The California Horse Racing Board heard arguments April 24 on the issue of publications and radio shows in the state selling advertising to off-shore wagering operations. Residents of California are only able to legally bet through facilities licensed by the state, so wagering with offshore companies is in violation of state law.
Offshore wagering operations have been a hot topic across the industry because they don't return revenue to racetracks that provide the signals.
"The important thing to keep in mind is that these ads are not for anybody who contributes one cent to, not only California racing, but racing in general," CHRB chairman Roger Licht, CHRB said. "These are essentially bookmakers who fill the Racing Form
with full-page ads."Daily Racing Form
generates about $500,000 a year in revenue from the ads, according to DRF
president Charles Hayward, who appeared before the board voluntarily to present his company's opinion that its right to accept the ads falls under the First Amendment of the Constitution and the right of commercial free speech.
"The sports books that advertise (with DRF
) are doing $1 billion a year in sports betting," Hayward said, "(and) less than $25 million a year in horseracing. That translates to about $750,000 a year in revenue lost to racing in the entire country."
Representatives of all major California tracks expressed their displeasure with the ads but also recognized the publication's First Amendment rights. All acknowledged DRF
's contribution to the sport, and many said they'd prefer to not take sanctions against the publication, such as preventing sales at wagering facilities.
"The last thing we want to do is make the racing fan pay the price," Hollywood Park president Rick Baedecker said. "But it comes down to a business decision. It's unfortunate that the horse racing board had to get involved here. Our hope is that the Daily Racing Form
does not accept advertisements (from the offshore wagering operations)."
Said Magna Entertainment president Jack Liebau, who spoke on behalf of Santa Anita Park, Golden Gate Fields and Bay Meadows: "I was reluctant to speak because I just don't know the answer. It's extremely important that the Racing Form
remain a viable (entity), and since a constitutional amendment protects their right (to sell the ads), I don't see how anyone can violate that right."
Board member John Harris echoed those sentiments.
"We could ask the tracks not to allow the Form
to be sold on their premises," Harris said. "But nobody wants that."
Del Mar president Joe Harper commended the Form
for its commitment to racing and its tremendous support to all the California tracks, both financially and otherwise, but said he doesn't like the ads. "How important are (the ads) to the bottom line?" Harper said.
Commissioner Marie Moretti suggested the ads be reworded or some sort of a notification be made so California readers are made aware of the illegality of wagering with the off-shore companies
"I'd like to encourage continued discussion to come up with some disclosure or generic language to appear in the ads (notifying readers in California that the advertised betting operation is illegal in California)," Moretti said.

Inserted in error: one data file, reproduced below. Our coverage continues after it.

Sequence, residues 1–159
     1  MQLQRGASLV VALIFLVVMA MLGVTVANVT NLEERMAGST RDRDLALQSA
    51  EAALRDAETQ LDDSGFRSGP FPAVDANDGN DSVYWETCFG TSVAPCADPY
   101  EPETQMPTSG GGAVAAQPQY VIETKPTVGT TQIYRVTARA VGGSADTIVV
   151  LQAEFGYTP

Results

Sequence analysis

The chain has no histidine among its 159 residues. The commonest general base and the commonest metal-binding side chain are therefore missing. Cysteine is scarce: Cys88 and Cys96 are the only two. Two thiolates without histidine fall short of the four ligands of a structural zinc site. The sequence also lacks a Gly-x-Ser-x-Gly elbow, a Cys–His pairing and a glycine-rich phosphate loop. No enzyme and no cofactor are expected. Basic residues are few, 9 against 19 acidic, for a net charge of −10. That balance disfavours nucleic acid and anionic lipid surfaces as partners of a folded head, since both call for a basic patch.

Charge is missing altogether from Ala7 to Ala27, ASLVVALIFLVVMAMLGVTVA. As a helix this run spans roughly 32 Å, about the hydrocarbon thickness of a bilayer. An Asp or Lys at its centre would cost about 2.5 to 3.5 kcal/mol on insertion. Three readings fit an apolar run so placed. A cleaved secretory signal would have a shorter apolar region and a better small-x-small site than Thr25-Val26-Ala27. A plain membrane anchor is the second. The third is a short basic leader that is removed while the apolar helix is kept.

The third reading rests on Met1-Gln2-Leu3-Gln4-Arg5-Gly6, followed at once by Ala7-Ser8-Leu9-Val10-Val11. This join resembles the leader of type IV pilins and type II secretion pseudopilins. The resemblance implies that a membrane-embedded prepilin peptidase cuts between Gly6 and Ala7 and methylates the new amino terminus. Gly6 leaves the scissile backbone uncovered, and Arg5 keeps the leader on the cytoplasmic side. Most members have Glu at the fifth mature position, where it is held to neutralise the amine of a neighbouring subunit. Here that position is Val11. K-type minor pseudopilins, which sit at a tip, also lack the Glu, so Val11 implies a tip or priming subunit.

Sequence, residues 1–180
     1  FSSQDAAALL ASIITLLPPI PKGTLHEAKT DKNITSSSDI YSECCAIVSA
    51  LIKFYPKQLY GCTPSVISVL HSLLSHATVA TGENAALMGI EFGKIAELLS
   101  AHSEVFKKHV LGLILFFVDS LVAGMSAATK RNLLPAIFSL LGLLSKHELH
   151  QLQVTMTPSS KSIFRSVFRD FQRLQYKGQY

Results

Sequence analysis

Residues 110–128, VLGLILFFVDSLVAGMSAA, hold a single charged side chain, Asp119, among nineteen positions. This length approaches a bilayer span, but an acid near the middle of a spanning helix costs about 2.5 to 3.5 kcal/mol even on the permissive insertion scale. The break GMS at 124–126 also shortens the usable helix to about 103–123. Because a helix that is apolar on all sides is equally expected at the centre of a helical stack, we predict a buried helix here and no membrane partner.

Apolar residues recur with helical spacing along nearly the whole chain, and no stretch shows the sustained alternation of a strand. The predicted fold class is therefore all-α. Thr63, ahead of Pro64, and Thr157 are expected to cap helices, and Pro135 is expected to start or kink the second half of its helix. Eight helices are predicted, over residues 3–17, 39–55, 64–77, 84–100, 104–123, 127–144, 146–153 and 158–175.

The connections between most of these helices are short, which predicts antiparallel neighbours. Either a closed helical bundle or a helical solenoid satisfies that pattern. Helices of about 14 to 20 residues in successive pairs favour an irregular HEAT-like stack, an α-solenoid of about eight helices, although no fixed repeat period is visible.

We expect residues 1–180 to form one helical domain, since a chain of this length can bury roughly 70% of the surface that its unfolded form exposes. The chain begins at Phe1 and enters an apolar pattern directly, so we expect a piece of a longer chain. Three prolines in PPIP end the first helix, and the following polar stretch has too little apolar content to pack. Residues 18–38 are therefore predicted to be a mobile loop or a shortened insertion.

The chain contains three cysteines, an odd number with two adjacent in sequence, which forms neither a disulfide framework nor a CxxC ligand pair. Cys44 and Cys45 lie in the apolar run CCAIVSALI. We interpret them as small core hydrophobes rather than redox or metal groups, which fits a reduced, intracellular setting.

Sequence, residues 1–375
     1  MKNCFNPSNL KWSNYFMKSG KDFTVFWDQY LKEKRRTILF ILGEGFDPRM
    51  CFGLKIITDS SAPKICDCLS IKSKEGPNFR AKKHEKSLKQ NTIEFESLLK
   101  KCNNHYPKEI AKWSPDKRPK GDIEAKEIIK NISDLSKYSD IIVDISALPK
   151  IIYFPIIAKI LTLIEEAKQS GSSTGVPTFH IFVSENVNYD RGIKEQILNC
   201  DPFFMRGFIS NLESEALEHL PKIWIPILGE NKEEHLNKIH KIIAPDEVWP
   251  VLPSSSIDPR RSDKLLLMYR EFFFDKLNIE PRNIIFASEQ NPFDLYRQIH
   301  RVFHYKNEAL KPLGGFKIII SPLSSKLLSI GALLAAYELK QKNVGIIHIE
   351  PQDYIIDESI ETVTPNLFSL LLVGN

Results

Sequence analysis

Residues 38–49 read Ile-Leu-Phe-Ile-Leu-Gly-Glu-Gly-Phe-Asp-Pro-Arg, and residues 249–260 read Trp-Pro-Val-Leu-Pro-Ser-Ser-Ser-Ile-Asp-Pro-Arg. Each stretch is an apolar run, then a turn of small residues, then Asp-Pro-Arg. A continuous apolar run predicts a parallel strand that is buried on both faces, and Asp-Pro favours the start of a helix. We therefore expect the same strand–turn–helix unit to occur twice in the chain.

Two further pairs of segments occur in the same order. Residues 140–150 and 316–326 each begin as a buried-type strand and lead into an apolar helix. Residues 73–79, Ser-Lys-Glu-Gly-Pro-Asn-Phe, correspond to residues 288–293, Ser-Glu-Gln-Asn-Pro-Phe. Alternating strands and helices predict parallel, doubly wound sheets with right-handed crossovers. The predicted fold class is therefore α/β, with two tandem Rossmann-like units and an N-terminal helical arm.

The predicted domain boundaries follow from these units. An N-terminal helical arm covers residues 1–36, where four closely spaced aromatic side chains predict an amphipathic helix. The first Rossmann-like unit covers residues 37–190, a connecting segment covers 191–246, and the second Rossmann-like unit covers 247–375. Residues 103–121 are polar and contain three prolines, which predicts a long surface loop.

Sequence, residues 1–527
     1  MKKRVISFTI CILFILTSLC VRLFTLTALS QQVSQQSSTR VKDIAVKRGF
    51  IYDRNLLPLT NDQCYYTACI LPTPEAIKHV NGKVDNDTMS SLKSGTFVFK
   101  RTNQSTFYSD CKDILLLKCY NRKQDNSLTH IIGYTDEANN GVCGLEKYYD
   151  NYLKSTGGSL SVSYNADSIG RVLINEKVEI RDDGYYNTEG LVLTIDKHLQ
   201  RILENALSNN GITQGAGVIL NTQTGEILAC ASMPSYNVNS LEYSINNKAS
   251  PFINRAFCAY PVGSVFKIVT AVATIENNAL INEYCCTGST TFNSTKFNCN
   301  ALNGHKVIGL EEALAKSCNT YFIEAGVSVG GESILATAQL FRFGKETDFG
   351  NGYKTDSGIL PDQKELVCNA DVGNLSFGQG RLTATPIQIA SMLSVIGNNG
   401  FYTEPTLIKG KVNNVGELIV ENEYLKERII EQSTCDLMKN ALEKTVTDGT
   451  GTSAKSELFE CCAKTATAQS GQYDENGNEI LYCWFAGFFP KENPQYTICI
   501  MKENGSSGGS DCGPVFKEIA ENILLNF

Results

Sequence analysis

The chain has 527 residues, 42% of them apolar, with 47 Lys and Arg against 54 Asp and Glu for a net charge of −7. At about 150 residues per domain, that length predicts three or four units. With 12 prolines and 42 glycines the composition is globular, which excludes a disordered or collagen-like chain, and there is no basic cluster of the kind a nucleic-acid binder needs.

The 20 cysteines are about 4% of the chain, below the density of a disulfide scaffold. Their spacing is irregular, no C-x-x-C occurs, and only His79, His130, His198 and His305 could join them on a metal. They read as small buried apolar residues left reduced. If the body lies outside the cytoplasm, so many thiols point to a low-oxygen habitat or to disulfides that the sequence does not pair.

The board was favorable to the idea and agreed to discuss the language the DRF
might use before the May CHRB meeting in Pleasanton.
Board member Alan Landsburg made a motion to involve the FCC in the matter of radio shows that currently accept advertising from offshore gaming companies. Of the three popular Southern California programs, two currently accept the advertising spots. Landsburg said because the FCC licenses the airwaves, the board could appeal to that body to take action. The motion was unanimously approved.
In other CHRB business, Golden Gate Fields general manager Peter Tunney gave a status report on the construction of the equine hospital located on track grounds. The CHRB chastised Golden Gate's parent company, Magna Entertainment, at its March meeting for lack of progress and threatened daily fines if "substantial progress" hadn't been made by April's session.
Armed with photographs, Tunney informed the board Golden Gate had fired the original contractor after the initial shell of the facility had been completed. Tunney said since the March meeting, the building's framing, insulation, and rough outside plumbing and electrical work had been completed, as well as the installation of the overhead hoist mechanism to aid post-operative horses. He also said a surgical table had been purchased and will be stored at the track, along with several items saved from the previous facility.
The project must be completed by July 31 according to a CHRB timeline.
The board also suspended two rules for Breeders' Cup World Thoroughbred Championships at Santa Anita Park Oct. 25. All horses will be able to run as separate betting interests, even those with common ownership, and no advertising will be allowed on the jockeys' pants.
The Oak Tree Racing Association was granted the go-ahead to offer Breeders' Cup future wagering and head-to-head wagering, both of which were introduced for the 2002 Breeders' Cup.